Northern West Virginia Center for Independent Living Posts
In 2020, approximately 23% of the American electorate — over 35 million individuals — will be people with disabilities. As people with disabilities, we want to live independent lives and contribute our talent and energy to the future success of our great nation. There are over 60 million Americans with disabilities who make remarkable and valuable contributions to our communities.
In an effort to inform the disability community of the presidential candidate’s disability policy positions, initiatives, and priorities, the American Association of People with Disabilities (AAPD), the National Council on Independent Living (NCIL), and the REV UP Campaign have developed a presidential candidate questionnaire. Click here to download a copy of the questionnaire (plain text version). So far, the following candidates have completed the questionnaire: Steve Bullock, Pete Buttigieg, Tim Ryan, Bernie Sanders, Joe Sestak, and Marianne Williamson.
Please visit aapd.com for full responses.
The Vera Institute of Justice’s Center on Victimization and Safety works to ensure that traditionally under-served victims of crime have equal access to victim services and criminal justice interventions. We do this by fostering collaboration among and building the capacity of victim service organizations, population and/or culturally specific service providers, and the criminal justice system. The Center combines research, technical assistance, and training to help policymakers and practitioners’ close gaps in systems and ensure that all survivors of violence have access to the services and support they need and want.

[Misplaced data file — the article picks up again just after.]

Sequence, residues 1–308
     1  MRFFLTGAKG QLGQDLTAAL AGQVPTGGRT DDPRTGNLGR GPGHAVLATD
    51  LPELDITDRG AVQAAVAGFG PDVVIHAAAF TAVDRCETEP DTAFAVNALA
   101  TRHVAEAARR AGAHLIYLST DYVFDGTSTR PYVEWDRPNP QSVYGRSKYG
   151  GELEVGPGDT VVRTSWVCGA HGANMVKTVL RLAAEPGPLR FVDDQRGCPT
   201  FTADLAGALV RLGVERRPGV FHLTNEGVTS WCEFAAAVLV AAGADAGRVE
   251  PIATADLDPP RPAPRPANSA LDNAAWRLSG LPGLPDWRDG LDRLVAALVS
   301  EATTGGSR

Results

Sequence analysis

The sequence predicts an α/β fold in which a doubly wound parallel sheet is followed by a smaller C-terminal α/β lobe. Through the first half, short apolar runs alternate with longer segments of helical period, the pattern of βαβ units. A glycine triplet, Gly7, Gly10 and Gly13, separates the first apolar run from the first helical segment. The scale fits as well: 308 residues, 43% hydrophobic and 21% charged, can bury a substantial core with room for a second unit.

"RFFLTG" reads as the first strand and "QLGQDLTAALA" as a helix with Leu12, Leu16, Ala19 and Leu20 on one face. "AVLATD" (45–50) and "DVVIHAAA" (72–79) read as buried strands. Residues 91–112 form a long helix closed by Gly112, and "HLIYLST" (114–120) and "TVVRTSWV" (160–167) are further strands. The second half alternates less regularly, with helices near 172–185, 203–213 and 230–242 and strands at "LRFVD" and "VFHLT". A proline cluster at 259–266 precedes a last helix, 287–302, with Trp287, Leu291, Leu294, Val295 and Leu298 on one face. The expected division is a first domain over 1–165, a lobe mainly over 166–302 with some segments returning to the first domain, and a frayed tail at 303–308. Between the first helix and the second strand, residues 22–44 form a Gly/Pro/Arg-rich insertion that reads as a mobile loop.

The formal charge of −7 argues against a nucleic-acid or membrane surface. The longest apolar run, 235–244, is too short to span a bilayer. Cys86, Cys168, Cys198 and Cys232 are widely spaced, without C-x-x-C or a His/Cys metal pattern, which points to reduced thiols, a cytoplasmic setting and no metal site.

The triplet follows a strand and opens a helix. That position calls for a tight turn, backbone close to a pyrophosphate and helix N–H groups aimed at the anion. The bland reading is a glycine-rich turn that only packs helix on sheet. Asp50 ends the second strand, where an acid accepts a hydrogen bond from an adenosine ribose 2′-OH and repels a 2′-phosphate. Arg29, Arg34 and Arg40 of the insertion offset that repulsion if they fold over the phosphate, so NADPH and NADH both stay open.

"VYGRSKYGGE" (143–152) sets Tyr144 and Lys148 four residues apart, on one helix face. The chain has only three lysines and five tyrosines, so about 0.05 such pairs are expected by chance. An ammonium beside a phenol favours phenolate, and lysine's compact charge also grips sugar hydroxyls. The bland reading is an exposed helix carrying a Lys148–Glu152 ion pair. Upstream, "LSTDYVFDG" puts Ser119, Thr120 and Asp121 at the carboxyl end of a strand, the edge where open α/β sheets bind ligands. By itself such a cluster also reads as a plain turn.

Working in partnership with the Department of Justice, Office for Victims of Crime, the Center on Victimization and Safety is currently creating an online toolkit for a range of audiences. One part of the toolkit is looking at the experiences of people with disabilities with the disability service system. We are looking to include some short quotes from those who use these systems to help others learn.
If you are interested in sharing and are willing for us to use your first name and where you are from (city/state) we would really like to include your words. Here are some things we would like to know:
1. How easy is it for you to find disability services where you live? (please indicate whether you are in an urban or rural area) Do you have a lot of choices or is it more limited?
2. How easy is it for you to travel to disability services where you live? Are services accessible via public transportation? Do you have public transportation? What would be a typical travel time to get to the services?
3. Is there anything unique about the disability services in your area? Something that is specific to you community.
4. What are some of the things you really like about the services? What are things that you might not like?
5. Are there any barriers you face getting disability services in your area?
6. If you have lived and received services from multiple places (if you have lived in other states, or counties or countries), how would you compare them?
I know this is short notice but please reply to me by September 6th.
Please feel free to share with others.
Leslie Myers, MS, CRC, CCDVC
Senior Program Associate
Vera Center on Victimization + Safety
1111 14th St NW, Suite 920
Washington, DC 20005
T: (630) 486-3367
C: (646) 530-3523
Fax: (202) 941-9407
AIM: Leslie at Vera
The decennial census is the constitutionally mandated count of all residents of the United States.
- Census data help direct more than $800 billion a year in federal funding, including for key programs that support and protect the rights of people with disabilities.
- The Census Bureau considers people with disabilities hard to count. However, the bureau has taken steps to make participation more accessible.